Spiritual symmetry and canonical organizational belief systems offer up a quandary to a person such as myself. Apt to “go with the flow,” I suppose if I were to adhere to a structure of thought, the Tao might be most appropriate. Preferring instead wu wei, to stricture, I’d rather follow a less dogmatic ideology.
Nomadic tribes and Bronze Age peoples had an uncomplicated view of the world. The Moon’s reflection, revered for the light it brought to darkened forests and subterranean caves, garnered respect. The green returning from its long winter hiatus, along with the Sun’s return, elicited joy. Spirits of the long-deceased gave consult to those seeking refuge. Narratives told were edited and collated over the millennia resulting in the organized religions of today.
Either my parents were either too busy to indoctrinate me, or they understood that a belief system needs to be acquired slowly. I liken it to developing a taste for fine wine. What once seemed arid and acerbic is transmuted to full-bodied with hints of blackberry and cassis over time. Though many family and friends subscribed to an organized view of spirituality I could not. Throughout, I attempted to understand many religious doctrines but always found them constricting and decided to bow out of the entire process at a very early age. I simply maintained a faith in nature since it has always abided by me, allowing myself instead to absorb the natural magic around me with the knowledge that we, like the tides, flow in and out of life. Without hostility towards binding spirit into manuscript, agnosticism seemed a better fit when gods and saints and angels were not part of my repertoire.
Then on a blustery, snowy predawn morning on March 17th 2007, an angel fell to earth and into my arms.
Not being familiar with the congenital birth defect gastroschisis, I immediately sought to understand it in its entirety. Reading medical journals and literature seeking explanation for this aberration in nature, I was relentless in my search for answers.
Gastroschisis is a condition seldom encountered; however of late is on the rise statistically. It occurs when during gestation the human fetus’s intestinal organs form outside of the abdominal wall. The amniotic fluid surrounding the unprotected organs, caustic from uric acid secretions in the waste from the fetus, causes the organs to swell, pushing them out through the skin usually to the right of the umbilicus.
At birth, the infant must endure immediate surgery to place the organs back inside the abdomen. Aside from being bathed in uric acid while inside the womb, once born, the organs are exposed to the air and subject to drying out and further bacterial infection.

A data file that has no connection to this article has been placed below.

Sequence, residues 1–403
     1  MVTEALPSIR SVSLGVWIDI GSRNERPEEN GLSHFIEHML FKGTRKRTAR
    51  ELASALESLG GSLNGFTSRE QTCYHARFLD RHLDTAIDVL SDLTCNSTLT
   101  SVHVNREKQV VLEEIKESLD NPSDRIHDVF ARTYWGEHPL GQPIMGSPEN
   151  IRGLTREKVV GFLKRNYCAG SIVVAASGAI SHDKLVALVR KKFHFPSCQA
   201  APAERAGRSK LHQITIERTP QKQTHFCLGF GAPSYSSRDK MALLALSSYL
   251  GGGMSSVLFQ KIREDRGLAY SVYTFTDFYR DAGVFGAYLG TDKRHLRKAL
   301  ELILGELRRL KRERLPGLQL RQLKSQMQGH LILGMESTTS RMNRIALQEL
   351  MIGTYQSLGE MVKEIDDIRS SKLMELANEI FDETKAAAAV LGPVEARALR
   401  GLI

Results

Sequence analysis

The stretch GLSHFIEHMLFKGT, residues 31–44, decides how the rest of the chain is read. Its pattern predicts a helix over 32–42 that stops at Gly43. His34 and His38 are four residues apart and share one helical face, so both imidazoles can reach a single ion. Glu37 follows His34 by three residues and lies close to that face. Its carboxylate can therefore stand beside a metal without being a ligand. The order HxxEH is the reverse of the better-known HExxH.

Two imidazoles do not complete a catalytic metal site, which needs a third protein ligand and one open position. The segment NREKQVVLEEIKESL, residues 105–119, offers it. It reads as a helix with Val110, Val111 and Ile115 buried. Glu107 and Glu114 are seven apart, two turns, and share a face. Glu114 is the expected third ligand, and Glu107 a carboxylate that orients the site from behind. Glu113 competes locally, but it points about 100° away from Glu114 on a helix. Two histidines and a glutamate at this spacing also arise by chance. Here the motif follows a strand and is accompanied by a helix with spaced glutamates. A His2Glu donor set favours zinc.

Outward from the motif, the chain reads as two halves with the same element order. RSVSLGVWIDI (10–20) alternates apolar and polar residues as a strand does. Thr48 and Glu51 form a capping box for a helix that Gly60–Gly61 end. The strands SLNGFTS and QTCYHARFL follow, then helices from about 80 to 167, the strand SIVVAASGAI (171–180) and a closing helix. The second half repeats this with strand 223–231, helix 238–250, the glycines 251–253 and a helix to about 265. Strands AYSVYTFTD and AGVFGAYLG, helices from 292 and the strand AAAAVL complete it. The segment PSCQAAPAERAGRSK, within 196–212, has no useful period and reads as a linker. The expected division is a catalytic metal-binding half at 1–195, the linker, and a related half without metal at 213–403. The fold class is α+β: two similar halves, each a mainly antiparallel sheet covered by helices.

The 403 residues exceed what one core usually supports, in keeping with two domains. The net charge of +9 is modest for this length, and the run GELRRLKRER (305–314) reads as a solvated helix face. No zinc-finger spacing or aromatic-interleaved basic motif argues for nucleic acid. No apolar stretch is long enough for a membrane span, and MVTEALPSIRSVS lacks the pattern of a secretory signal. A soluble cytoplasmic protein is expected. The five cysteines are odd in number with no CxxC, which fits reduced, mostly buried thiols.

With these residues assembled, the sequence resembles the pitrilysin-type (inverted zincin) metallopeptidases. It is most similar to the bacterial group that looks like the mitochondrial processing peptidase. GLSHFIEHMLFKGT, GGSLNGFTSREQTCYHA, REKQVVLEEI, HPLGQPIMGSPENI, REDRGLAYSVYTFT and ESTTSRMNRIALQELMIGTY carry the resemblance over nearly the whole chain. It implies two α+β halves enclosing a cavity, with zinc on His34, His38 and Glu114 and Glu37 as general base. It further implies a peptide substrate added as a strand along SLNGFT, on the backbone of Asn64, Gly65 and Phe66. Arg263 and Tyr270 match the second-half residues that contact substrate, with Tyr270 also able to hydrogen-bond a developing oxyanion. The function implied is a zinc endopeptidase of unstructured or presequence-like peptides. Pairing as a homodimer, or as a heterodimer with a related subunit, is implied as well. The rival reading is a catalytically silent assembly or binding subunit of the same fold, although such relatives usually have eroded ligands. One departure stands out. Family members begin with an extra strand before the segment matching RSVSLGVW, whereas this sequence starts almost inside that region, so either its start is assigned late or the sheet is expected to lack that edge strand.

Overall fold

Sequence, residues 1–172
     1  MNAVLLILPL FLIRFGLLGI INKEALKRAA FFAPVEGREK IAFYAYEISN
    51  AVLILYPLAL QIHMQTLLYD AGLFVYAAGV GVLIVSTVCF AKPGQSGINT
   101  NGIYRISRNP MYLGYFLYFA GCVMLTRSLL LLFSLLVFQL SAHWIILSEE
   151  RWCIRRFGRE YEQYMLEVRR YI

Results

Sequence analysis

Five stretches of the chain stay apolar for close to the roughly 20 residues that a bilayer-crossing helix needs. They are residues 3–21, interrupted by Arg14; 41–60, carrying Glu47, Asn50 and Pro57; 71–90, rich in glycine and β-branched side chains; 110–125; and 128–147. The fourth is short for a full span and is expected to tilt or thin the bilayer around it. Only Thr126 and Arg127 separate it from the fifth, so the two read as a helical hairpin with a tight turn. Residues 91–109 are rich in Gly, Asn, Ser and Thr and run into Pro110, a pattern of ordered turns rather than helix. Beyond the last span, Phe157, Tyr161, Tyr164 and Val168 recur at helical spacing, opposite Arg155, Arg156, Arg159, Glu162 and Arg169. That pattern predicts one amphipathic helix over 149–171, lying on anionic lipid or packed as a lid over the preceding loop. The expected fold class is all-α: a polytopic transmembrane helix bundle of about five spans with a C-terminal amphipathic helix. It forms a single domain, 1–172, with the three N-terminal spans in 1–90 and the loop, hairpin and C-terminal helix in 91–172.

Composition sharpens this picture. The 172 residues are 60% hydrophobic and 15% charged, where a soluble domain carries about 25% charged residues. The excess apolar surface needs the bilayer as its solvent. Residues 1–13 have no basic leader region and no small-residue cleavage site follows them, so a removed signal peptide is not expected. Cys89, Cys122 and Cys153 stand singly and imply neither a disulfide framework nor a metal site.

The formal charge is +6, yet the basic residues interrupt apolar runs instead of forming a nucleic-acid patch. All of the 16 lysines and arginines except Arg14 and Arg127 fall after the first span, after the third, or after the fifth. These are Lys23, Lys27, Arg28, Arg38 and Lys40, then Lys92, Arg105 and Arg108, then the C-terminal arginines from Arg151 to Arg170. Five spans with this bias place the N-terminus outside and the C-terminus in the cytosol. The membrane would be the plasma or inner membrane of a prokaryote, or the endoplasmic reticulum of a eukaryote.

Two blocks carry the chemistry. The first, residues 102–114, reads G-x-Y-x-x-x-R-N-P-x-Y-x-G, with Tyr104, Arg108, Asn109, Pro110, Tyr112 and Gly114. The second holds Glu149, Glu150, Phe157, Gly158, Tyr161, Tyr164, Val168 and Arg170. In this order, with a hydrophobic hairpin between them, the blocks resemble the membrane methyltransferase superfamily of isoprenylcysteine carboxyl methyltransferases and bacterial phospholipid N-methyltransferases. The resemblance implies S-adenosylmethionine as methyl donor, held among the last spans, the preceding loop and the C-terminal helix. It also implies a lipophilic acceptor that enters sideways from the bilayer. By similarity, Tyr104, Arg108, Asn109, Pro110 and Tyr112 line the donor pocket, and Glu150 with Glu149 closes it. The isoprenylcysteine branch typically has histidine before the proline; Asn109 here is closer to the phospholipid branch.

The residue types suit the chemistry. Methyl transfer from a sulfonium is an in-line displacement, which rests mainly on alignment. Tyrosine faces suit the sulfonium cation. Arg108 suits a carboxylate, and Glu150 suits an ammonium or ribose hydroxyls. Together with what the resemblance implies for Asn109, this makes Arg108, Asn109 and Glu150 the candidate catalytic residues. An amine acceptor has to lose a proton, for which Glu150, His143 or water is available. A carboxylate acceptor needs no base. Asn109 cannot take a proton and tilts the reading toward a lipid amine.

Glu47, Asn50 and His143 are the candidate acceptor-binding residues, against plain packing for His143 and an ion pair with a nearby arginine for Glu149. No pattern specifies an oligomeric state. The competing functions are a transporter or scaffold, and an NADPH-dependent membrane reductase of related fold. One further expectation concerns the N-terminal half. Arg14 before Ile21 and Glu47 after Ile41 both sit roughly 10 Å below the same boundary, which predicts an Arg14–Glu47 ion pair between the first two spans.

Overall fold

More severe is an omphalocele, mostly occurring in males, in which a larger opening is present in the abdominal wall. Treatment generally consists of placing a silo around the organs and utilizing pressure over a period of days to weeks to coax the organs back into position. The literature as to the cause of this birth defect is somewhat weak. The etiology is not fully known. It seems to occur in women under 30. It is not linked to chromosome abnormality or attributed to drug use.
They chose to call her Sophia and when she gazed at me for the first time I recognized a distant familiarity. As though acquainted in some long-ago time and place, we knew one another at once. Repressed by extreme malaise and qualm she lay stoic, a tiny courageous female warrior. She seemed to possess some innate wisdom of her surroundings, her anguish, and the world. Volumes were exchanged between mine and those baby eyes.
Soon, time passed and she healed quite well aside from some periodic abdominal disturbances.
On her tummy, a faint star-shaped scar remained where a belly button should have been. Repeatedly she would point at it and look at those around her for answers.
Unknown she and I were to the origin of her name: the Hagia Sophia, a large basilica in Constantinople, which translated means Holy Wisdom. The imperial capital of the Roman Empire oddly enough would be my home once as a child.
She tenderly spoke in a sweet little voice only a baby could have. Inquisitively, “Nona, where is my belly-button?” she’d ask. Rather than reply with an explanation of the variances in nature or how the surgeon made her tummy all better, I assured her from the depths of my spirit, “Because angels don’t have belly buttons, Sophia.”Powered by Sidelines